Beneath the hinge rods 94 and 96 there is pivotally mounted a lever 110 on a pivot 112. This lever arm is provided at its opposite ends with holes 114 and 116 for receiving th pivot 102 of the lever 100, and for receiving the similar pivot of the lever 104.
As in the example shown in Fig. 1, the intermediary parts are floating, and all of the movement is derived from the spatulas 10b and 34b and their respective springs 30b and 58b, plus the rocker arm 20b and its associated spring 32b. It will be apparent that the spatula 34b by virtue of its spring 58b and the fiat bracket or plate 84 normally holds the lever arm 86 in raised position, the lever arm 92 thereby being held in lowered position to hold the pad cup B closed on the R tone hole.
It the index finger and the thumb press simultaneously on the spatula 34b and on the spatula 10b, they overcome the forceof the springs 58b and 30b, thus freeing the pad B and simultaneously effecting closing of the twelfth hole by the pad A, the pad A being lowered by the spring 32b and the tail point of the rocker arm 20b causing the lever 106 to rise, and hence pivoting the upper hinge rod 96. In the course of such pivotal movement, the lever arm 104 causes the lever 110 to pivot about its pivot 112, thereby acting through the arm 100 to eifect reverse pivoting of the hinge rod 94 and raising of the arm 98 and key pad 13 to open the B tone hole to sound the B A bracket 116 is soldered to the pad cup B in order that the latter may be raised with the aid of the key 601), the extremity of the key 60!) in this instance resting beneath the bracket 116. Thus, the B, may be produced with a single finger (index finger) since the pads for the A, A and B tone holes are raised simultaneously. This is a result which is impossible to obtain on existing instrumerits, and permits many otherwise ditlicult passages to be played with ease.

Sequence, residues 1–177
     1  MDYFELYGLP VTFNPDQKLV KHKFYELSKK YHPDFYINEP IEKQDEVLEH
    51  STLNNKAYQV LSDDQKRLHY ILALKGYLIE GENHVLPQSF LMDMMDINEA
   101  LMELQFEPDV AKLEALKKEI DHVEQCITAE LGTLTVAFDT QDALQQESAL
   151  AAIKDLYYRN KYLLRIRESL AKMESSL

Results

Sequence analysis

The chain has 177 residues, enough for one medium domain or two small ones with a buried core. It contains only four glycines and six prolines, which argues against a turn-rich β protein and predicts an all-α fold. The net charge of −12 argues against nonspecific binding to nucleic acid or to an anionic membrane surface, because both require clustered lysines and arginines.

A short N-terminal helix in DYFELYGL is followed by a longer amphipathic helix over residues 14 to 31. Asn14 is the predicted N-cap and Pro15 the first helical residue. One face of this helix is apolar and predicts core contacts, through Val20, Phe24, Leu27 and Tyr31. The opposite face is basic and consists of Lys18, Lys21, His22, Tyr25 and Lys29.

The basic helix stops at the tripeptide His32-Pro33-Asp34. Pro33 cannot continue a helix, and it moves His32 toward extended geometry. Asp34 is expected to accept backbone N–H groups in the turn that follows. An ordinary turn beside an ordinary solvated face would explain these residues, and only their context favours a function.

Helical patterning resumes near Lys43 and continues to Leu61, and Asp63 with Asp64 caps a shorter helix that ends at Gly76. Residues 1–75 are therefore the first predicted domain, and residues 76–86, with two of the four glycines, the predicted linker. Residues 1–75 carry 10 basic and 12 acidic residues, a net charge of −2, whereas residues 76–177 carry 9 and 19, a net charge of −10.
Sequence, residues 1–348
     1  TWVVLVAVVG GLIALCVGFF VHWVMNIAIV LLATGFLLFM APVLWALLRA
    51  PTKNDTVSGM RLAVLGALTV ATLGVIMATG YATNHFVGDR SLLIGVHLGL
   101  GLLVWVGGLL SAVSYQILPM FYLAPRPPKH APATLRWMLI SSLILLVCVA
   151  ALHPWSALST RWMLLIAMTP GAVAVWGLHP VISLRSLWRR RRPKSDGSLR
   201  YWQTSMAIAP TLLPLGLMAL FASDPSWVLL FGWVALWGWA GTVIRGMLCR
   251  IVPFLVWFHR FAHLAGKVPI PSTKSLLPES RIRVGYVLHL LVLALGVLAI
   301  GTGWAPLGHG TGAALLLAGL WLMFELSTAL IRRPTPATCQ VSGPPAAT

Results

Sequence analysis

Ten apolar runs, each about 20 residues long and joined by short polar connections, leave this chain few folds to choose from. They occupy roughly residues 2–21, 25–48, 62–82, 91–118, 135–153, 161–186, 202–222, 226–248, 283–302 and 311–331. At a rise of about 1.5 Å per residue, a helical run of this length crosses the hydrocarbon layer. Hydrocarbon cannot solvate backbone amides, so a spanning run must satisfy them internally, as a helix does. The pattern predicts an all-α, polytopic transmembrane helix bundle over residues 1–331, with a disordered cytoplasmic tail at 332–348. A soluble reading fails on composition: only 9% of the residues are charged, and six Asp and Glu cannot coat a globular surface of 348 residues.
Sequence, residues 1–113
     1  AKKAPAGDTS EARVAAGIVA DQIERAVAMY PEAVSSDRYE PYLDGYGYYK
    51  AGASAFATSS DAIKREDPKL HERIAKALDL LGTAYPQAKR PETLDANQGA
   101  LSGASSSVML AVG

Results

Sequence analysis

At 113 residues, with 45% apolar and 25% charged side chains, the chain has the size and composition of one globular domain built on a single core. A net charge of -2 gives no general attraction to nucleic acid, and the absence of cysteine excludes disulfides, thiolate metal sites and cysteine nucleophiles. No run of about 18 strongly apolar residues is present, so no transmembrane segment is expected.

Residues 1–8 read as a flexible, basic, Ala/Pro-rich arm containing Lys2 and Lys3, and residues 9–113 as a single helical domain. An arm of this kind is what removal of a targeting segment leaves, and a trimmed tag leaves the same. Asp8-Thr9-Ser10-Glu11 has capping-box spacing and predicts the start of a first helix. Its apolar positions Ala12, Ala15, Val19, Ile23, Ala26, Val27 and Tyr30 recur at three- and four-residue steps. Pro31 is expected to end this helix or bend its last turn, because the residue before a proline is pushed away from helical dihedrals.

Yet another embodiment of theinvention is shown in Fig. 7, and in this embodiment certain of the parts, namely the spatula 10c and parts carried thereby, remain as originally disclosed. The parts which are not changed again are identified by similar numerals, this time with the addition of the suffix c. In this embodiment of the invention, the A key is no longer necessary for operation of the mechanism. Between a pair of posts 118 there is pivotally mounted a hinge rod 120. A thumb ring 122 is soldered to the lower end of the pivot rod 120, and an L arm 124 is soldered to the upper end of this hinge rod. The extremity of the L arm 124 rests on the tip of a transverse arm 126 soldered on a hinge rod 123 mounted between the upper post 113 and a post 130. A needle spring 132 maintains both the thumb ring 122 and the L arm 124 raised under rest conditions.
A lever arm 131 is soldered to the hinge rod 128, and this lever arm carries the B pad closing the B tone hole. The arm 131 has no spring, and its movement is the same as in the previously described embodiment of Figs. 1 and 3.